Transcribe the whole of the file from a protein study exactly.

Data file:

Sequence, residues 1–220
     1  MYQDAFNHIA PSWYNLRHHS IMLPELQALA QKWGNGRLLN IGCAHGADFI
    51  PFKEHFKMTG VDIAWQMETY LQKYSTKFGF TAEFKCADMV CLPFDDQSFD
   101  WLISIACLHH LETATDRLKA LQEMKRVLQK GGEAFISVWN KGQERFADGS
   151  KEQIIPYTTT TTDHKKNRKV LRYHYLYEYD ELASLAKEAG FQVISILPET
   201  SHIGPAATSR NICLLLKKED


Sequence, residues 1–220
     1  MYQDAFNHIA PSWYNLRHHS IMLPELQALA QKWGNGRLLN IGCAHGADFI
    51  PFKEHFKMTG VDIAWQMETY LQKYSTKFGF TAEFKCADMV CLPFDDQSFD
   101  WLISIACLHH LETATDRLKA LQEMKRVLQK GGEAFISVWN KGQERFADGS
   151  KEQIIPYTTT TTDHKKNRKV LRYHYLYEYD ELASLAKEAG FQVISILPET
   201  SHIGPAATSR NICLLLKKED